How To Add A Hip Belt To A Backpack (DIY Guide For Travel)
The hip belt is in place on backpacks to help balance the weight on your body. You’ll likely find them in bags that have a larger storage capacity since they carry a lot more weight. You need one if you want to travel comfortably and securely. Hip belts are a great addition to travel backpacks since they are one of the best anti-theft devices.
Now that you know what they’re for, you’ll want to know how to add a hip belt to a backpack!
Why Do Backpacks Need a Hip Belt?
The hip belt is there for heavy bags to better distribute the weight that you’re carrying. The strap helps move the weight from your shoulders to your hips, making it less stressful on your back.
A hip belt can also carry between 60% and 80% of the bag’s weight- making it feel like you’re carrying nothing! This feature is essential for hiking backpacks.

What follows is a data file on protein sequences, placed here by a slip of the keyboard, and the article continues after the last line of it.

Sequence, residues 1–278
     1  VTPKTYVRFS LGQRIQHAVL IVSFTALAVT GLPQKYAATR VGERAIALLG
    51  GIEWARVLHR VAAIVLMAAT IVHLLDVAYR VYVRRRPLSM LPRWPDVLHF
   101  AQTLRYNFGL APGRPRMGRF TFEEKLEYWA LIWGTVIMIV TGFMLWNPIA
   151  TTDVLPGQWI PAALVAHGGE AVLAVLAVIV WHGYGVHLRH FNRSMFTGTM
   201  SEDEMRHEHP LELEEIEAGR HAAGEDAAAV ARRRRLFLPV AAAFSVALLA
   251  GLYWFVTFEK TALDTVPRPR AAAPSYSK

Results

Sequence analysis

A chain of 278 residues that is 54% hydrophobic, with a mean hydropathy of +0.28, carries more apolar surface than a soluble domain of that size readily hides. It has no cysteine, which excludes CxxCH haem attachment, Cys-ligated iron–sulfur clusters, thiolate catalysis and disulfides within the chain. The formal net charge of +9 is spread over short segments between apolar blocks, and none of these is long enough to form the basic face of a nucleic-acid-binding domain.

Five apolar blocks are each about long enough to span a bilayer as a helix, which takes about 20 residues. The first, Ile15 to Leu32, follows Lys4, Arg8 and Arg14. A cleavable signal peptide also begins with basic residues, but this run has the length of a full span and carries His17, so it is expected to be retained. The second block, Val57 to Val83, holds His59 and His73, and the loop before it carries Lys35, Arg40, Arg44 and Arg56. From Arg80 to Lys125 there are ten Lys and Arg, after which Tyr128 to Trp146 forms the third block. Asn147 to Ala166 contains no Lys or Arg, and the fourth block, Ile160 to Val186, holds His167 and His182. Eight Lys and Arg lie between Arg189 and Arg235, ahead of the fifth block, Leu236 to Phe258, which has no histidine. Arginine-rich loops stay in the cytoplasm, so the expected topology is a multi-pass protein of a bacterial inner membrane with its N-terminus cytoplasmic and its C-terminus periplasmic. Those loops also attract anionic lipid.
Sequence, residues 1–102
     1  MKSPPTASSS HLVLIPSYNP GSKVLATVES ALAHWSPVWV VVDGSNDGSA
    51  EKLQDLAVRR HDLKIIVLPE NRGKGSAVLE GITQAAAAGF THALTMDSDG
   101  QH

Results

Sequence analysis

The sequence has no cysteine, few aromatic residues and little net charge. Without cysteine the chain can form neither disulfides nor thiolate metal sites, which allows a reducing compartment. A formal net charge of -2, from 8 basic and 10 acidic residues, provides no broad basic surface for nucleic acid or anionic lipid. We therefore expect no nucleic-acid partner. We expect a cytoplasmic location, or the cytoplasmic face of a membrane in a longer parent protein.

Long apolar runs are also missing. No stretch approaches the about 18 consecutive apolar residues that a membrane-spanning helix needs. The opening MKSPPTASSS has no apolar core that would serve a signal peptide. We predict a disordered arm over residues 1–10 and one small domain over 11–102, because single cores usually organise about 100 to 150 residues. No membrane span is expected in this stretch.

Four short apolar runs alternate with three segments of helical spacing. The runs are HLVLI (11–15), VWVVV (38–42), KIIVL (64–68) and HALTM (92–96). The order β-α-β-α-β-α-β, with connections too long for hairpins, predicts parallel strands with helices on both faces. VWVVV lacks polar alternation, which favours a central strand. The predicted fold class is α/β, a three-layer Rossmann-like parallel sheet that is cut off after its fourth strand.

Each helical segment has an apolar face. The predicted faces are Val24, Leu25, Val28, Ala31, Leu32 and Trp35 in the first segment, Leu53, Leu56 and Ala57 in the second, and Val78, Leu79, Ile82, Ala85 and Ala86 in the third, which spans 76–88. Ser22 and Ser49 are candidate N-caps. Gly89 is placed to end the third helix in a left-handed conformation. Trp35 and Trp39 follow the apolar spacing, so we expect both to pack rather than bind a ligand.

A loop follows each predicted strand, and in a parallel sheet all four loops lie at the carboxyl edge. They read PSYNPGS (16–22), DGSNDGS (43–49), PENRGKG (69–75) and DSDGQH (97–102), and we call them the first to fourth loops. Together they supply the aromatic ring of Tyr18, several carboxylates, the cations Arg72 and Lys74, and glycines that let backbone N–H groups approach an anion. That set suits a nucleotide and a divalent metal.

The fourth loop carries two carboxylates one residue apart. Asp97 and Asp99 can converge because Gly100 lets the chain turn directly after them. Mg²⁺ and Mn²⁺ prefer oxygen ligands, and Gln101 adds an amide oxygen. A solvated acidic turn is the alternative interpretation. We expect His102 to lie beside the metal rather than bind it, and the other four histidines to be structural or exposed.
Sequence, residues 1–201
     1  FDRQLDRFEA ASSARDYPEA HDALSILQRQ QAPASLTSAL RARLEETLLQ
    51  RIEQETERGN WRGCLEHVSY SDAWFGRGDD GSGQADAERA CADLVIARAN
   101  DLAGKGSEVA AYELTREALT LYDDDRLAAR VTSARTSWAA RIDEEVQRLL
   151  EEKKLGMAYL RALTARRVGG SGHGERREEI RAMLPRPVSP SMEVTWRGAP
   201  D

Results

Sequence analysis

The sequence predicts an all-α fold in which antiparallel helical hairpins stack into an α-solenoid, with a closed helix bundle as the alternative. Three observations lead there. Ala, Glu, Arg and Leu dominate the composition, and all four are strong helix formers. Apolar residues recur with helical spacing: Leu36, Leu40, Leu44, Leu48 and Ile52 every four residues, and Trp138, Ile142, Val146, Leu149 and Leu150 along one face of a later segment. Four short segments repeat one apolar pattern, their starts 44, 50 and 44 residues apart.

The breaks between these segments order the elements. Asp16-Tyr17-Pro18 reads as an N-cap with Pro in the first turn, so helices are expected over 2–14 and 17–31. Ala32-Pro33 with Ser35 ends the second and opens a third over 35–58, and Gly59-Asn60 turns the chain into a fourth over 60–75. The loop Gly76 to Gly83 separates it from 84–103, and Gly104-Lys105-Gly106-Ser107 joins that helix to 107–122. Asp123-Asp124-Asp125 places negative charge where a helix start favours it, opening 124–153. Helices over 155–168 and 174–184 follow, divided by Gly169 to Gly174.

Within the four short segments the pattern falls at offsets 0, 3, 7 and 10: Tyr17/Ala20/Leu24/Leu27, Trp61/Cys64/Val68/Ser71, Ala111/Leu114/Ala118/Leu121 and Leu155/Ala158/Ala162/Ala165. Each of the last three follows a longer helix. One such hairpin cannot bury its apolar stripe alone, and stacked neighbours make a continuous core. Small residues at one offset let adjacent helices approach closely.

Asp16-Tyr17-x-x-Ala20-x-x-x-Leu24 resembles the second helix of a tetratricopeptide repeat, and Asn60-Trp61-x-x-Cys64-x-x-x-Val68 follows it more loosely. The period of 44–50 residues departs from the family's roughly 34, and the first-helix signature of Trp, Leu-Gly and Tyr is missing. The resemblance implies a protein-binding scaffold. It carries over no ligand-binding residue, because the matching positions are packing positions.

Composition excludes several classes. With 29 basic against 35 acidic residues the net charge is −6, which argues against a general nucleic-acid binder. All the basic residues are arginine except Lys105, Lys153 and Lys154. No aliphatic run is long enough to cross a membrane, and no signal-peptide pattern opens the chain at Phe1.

So, if you’re carrying 22 pounds, the belt removes about 17.6 pounds off of your shoulders. It’s as simple as buckling the belt.
What Makes a Good Hip Belt For Travel?
Understand Hip Belt Components
Hip belts aren’t like ordinary belts that hold up your pants. Instead, they are designed with maximum comfort in mind. There are three main components to a hip belt:
- 1Padded “wings” to cover your hip bones and offer some additional protection.
- 2Flexible webbing straps that can adjust as needed. Based on how many layers you’re wearing (a tshirt vs full winter gear), you may need to adjust the hip belt quite a bit.
- 3A buckle – fairly straightforward, but you want to make sure the buckle is wide and generally flat so that it’s not digging into your lower stomach where it is connected.
Determine Hip Belt Length
Hips belts are not one-size-fits-all, just like people aren’t! It’s absolutely crucial that you find the right sized hip belt if you expect to see any benefits from using one. The hip belt must be long enough to properly cover your hip bones from back to front. This ideology is the same as when looking for the right size of backpack depending on your height and back size.